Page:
Jewish Quarter Booms — Without Jews

Letter From Damascus

By Marc Perelman

Published June 01, 2007, issue of June 01, 2007.

Every few steps along the narrow, winding Al-Amin Street in the heart of the Jewish quarter of Damascus’s old city, a young Yasser Arafat smiles at the rare pedestrian walking by.

The posters of the late Palestinian leader, plastered on the grayish street walls, serve as a pointed reminder that Jewish life in Damascus is a distant memory, with all but a few hundred members of the centuries-old Syrian Jewish community living outside the country, primarily in Brooklyn and Tel Aviv. Most left their native country in the early 1990s when the regime of Hafez al-Assad allowed them to immigrate — a goodwill gesture that came at a time when the term “peace process” still had meaning.

Some Syrian Jews were able to sell their homes before leaving. For the most part, though, Jewish-owned buildings were put under government control and then padlocked and abandoned, giving the neighborhood an eerily quiet atmosphere in sharp contrast with the bustling street markets of the Muslim quarter and with the busy restaurants of the Christian area.

These days, however, the crumbling Jewish quarter has suddenly become the hottest neighborhood in old Damascus.

Across the globe, from New York City’s Lower East Side to Paris’s Marais District to Krakow’s Kazimierz neighborhood, once-thriving iconic Jewish enclaves have re-emerged in recent years as trendy magnets for artists and urban hipsters. And now the trend has taken hold in the Arab world.

The Syrian capital is literally and figuratively miles away from New York City, but the same recipe accounts for a real estate boom: Artists looking for cheap space move in, trendy coffee shops follow and then comes gentrification; moneyed locals buy old properties to restore them for themselves or to create high-end boutique hotels.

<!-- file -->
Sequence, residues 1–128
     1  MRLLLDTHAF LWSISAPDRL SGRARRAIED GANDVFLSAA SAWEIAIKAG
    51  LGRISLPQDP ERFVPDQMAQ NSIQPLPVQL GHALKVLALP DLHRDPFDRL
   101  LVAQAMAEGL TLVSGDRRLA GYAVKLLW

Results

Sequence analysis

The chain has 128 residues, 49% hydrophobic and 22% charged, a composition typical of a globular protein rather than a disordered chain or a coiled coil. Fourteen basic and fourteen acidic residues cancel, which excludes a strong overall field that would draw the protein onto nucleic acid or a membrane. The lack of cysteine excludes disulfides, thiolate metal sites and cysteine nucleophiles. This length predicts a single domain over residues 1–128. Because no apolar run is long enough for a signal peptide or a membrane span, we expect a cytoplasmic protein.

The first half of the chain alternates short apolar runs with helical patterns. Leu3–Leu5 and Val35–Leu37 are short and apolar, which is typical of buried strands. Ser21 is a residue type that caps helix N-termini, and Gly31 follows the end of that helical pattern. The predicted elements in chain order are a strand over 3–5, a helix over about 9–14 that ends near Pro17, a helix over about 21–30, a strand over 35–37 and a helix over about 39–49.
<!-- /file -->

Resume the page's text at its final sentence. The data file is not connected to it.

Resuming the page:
To Mustafa Ali, the old Jewish quarter was the perfect place. The sculptor decided to settle in a beautiful old Ottoman-style mansion to produce his art. The house belonged to the Bukhais family, Jewish silk traders who left Syria 15 years ago. They sold it to an Iraqi man, from whom Ali purchased it in 2003.

“I wanted a place in the old city; I needed space for my sculptures,” Ali said in an interview on the quiet, rectangular patio, where artists wandered around and a photo exhibit was on display. “People advised me not to take this place, because it was in ruins, but I thought this was precisely the reason to make it an artistic neighborhood. It was cheap and empty.”

His friend and fellow artist Edward Shahda quickly moved in, and the two decided to bring in young artists in order to provide them with an affordable and quiet place to display their talent. Now, more than 20 artists live in the area.

With funding from Western foundations and governments, Ali has been able to set up workshops and exhibitions. He has now purchased a small deserted shop across the street, where he plans to create a literary café.

To some people familiar with the neighborhood, investing in the area is also a shrewd business move. Investors have indeed begun scouting the area and contacting Jewish owners to buy their old properties.

Local businessman Youssef Taqla and associates bought a grand dilapidated mansion several years ago and transformed it into the Talisman Hotel, which opened in mid-2006. The luxurious hotel is already a major draw for Western tourists looking for an authentic Middle Eastern experience while being able to check their e-mails and sip mint tea in a peaceful courtyard. Taqla is now finishing construction work on another hotel in the area — one that will come from a nearby old corner house that a French-Saudi business group has purchased.

The question now is whether the numerous Jewish-owned houses under government control, which cannot be sold without the approval of the owners, will eventually hit the market. While the authorities have made a point of respecting ownership rights, they have made no efforts to preserve the empty and decaying houses. At the suggestion of the European Union, and in order to prevent businesses from dominating the process, the city and national governments are now considering a plan to designate the neighborhood a preserved cultural area and to renovate that area.

Whether Arafat still will be smiling remains to be seen.



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